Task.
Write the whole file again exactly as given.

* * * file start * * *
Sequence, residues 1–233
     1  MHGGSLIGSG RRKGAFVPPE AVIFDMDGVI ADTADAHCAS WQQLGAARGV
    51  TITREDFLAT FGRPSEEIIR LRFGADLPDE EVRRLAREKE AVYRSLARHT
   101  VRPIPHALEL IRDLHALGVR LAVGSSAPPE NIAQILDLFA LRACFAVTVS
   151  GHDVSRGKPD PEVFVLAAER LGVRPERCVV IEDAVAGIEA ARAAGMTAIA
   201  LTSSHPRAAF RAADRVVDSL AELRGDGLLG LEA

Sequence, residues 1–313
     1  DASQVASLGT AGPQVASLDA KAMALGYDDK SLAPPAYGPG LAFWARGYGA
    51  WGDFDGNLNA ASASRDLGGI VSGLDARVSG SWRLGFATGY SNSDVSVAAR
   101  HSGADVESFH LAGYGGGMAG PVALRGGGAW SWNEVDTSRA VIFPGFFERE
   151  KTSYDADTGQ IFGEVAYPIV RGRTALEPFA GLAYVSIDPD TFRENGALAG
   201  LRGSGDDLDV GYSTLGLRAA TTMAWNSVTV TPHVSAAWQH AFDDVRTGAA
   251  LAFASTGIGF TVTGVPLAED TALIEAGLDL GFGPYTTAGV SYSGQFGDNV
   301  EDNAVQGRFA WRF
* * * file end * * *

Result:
Sequence, residues 1–233
     1  MHGGSLIGSG RRKGAFVPPE AVIFDMDGVI ADTADAHCAS WQQLGAARGV
    51  TITREDFLAT FGRPSEEIIR LRFGADLPDE EVRRLAREKE AVYRSLARHT
   101  VRPIPHALEL IRDLHALGVR LAVGSSAPPE NIAQILDLFA LRACFAVTVS
   151  GHDVSRGKPD PEVFVLAAER LGVRPERCVV IEDAVAGIEA ARAAGMTAIA
   201  LTSSHPRAAF RAADRVVDSL AELRGDGLLG LEA

Sequence, residues 1–313
     1  DASQVASLGT AGPQVASLDA KAMALGYDDK SLAPPAYGPG LAFWARGYGA
    51  WGDFDGNLNA ASASRDLGGI VSGLDARVSG SWRLGFATGY SNSDVSVAAR
   101  HSGADVESFH LAGYGGGMAG PVALRGGGAW SWNEVDTSRA VIFPGFFERE
   151  KTSYDADTGQ IFGEVAYPIV RGRTALEPFA GLAYVSIDPD TFRENGALAG
   201  LRGSGDDLDV GYSTLGLRAA TTMAWNSVTV TPHVSAAWQH AFDDVRTGAA
   251  LAFASTGIGF TVTGVPLAED TALIEAGLDL GFGPYTTAGV SYSGQFGDNV
   301  EDNAVQGRFA WRF